She pulled through the paralysis and decided to change jobs, continuing to work while training to become a CNA to care for others living with multiple sclerosis. When her children faced challenges during this time, Shaunta still went the extra mile to care for them without neglecting her responsibilities, even when that meant taking bus rides after work to visit her daughter, who was in the hospital during this time. She pushed herself to pursue this new career to serve others and provide stable financial support for her family. Now, she is a proud CNA II empowering others with multiple sclerosis to take care of themselves and not let their lives be hindered by this disease.
This past spring, Shaunta’s daughter accomplished a major milestone, something that Shaunta had not done herself and greatly desired for her own children: graduating from high school. When her daughter’s graduation day came, it was met with great celebration. For Shaunta, family is unity and togetherness. Every challenge they have faced, they have faced together. The most important thing to her was making sure her children were not only taken care of, but that they knew they were loved and wanted. “I want them to know they have beaten the odds,” she says proudly. “I still struggle today, but I have raised my kids and supported them…”
To keep their family strong and connected, Shaunta and her children practice what they call “family sharing time.” They take the time to intentionally sit down together and share about the things going on in their life and how they can support each other through it. Everything they go through, they do so together and ultimately, they come out stronger.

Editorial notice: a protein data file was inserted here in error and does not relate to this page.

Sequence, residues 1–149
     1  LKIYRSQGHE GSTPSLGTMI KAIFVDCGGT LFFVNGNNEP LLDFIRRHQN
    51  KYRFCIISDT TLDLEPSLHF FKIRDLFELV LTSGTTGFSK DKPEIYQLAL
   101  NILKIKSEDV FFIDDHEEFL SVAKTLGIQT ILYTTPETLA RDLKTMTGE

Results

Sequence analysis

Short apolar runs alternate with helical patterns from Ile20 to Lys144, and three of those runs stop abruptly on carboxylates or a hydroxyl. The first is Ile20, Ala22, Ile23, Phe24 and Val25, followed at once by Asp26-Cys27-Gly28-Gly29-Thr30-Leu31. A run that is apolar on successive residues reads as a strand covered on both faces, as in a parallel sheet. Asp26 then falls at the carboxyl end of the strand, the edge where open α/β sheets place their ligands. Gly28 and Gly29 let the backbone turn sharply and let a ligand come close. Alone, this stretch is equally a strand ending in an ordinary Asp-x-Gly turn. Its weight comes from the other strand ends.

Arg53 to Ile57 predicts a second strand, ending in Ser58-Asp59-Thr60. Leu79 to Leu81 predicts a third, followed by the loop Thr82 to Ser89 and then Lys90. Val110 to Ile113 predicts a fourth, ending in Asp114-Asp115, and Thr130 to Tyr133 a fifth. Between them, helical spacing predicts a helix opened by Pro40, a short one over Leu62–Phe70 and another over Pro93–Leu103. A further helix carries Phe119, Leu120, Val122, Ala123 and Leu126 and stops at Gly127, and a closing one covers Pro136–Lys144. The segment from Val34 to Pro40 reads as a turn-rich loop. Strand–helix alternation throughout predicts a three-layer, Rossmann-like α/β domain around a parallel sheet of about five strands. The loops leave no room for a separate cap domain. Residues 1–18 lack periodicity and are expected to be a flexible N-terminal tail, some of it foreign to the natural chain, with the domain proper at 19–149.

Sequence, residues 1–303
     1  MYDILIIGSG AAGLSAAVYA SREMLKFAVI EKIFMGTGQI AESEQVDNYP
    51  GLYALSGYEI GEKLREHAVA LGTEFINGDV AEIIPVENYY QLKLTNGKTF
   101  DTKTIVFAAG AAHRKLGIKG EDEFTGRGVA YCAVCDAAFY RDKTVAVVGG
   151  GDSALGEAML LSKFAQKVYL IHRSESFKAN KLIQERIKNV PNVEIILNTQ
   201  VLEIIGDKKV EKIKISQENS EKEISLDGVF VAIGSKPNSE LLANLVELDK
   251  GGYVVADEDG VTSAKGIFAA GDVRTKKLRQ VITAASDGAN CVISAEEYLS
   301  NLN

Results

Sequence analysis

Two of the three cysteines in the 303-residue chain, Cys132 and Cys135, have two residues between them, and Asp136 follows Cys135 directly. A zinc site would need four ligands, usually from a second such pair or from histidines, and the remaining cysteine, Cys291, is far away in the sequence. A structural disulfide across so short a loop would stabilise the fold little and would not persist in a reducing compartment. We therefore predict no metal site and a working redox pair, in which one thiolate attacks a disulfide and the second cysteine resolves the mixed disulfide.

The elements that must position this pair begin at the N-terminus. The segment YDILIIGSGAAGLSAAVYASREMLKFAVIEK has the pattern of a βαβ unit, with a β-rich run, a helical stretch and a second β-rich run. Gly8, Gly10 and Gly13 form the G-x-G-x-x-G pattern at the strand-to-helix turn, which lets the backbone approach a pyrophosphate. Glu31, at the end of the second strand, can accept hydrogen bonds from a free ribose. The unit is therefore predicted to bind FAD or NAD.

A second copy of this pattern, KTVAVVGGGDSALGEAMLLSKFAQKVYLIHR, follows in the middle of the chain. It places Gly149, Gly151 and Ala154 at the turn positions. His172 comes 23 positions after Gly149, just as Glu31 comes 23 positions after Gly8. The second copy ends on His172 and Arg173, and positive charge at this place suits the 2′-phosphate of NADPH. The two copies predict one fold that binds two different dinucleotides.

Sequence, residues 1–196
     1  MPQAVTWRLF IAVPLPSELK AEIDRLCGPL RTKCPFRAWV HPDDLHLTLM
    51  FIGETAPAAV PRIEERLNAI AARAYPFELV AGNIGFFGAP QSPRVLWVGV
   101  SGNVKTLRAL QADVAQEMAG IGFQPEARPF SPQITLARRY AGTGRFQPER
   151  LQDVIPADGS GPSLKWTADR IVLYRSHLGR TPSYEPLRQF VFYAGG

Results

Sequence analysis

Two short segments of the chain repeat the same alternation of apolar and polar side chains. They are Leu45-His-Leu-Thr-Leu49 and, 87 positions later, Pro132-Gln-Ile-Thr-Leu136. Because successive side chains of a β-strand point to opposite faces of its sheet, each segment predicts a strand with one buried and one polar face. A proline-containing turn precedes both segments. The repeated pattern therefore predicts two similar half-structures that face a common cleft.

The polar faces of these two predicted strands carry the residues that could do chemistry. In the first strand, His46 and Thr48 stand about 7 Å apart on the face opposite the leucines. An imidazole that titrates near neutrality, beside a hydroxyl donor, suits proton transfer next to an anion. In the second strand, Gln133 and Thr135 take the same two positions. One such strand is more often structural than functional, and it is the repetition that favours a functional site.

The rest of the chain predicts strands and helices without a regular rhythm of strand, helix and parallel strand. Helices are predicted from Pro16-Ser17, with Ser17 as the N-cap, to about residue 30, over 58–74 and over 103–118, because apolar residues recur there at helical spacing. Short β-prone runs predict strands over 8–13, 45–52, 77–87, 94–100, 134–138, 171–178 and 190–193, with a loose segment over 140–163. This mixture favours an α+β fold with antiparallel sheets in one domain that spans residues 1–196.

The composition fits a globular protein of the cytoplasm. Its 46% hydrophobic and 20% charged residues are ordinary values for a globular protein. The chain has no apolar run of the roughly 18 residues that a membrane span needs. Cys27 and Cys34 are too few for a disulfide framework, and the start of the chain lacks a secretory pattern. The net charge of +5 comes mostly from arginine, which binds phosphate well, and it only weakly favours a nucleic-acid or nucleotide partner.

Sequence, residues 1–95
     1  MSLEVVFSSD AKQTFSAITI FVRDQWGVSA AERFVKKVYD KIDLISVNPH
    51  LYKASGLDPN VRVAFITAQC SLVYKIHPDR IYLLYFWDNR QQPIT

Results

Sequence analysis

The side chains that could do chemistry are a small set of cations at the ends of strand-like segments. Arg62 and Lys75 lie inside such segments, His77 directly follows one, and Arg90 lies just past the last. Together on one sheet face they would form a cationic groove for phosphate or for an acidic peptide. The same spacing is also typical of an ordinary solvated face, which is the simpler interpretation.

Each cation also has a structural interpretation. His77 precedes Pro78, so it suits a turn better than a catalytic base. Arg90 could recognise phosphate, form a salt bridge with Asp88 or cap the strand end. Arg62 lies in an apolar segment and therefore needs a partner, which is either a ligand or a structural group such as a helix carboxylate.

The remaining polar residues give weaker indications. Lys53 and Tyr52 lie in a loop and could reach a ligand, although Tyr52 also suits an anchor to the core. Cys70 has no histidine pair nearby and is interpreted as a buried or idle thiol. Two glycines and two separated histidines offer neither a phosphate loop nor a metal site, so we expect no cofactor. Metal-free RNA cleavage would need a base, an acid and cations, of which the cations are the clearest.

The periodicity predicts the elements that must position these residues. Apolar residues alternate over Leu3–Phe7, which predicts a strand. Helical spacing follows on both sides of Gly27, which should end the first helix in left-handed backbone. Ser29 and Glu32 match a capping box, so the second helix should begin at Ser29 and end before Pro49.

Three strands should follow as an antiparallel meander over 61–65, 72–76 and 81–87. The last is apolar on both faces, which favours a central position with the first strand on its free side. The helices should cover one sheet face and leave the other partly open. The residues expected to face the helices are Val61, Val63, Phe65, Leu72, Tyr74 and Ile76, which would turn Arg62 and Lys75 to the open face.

Having gone through the foster care system as a child, Shaunta knew that she wanted something different for her own children and would fight to make that happen for them. Today, she still has contact with her mom and tries to forgive her and not judge her for the past. Even so, she questions why her mom did not fight harder to keep her. Shaunta wonders if a different child welfare system that offered more support systems and counseling services could have made a difference for parents like her mom. She believes that if someone had offered her mom these types of resources and programs earlier in life, she may not have felt compelled to turn to harmful choices. Maybe, she would have felt more equipped to keep her daughter.
Shaunta desires a system where families are met with kindness and humility because every situation is unique – a system free of judgement that advocates for families in their greatest time of need. With a more responsive system, Shaunta believes that families will have better chances and stronger motivation to stay together.
Shaunta shares her story with others with hope that families will find strength to fight for each other and know they are not alone. Despite all the challenges her family has faced, no matter how severely she struggled, Shaunta drew on her children as a source of strength and fought through each obstacle to keep her family together and offer her kids a better life.
“If my kids were taken from me, I don’t know what I would do,” she says. “If they go on vacation with other people, I’m worried, you know? Just the thought of not being able to take care of them, to see them, to love on them…I don’t think I could bear that feeling. That’s why I always tried my best…to stay above water and provide for them.”
When asked what she believes is the most important thing for families to take away from her story, Shaunta said, “…through all the ups and downs, through all the lonely nights and sleepless nights, you can get through with the love of your family and the strength from your kids.”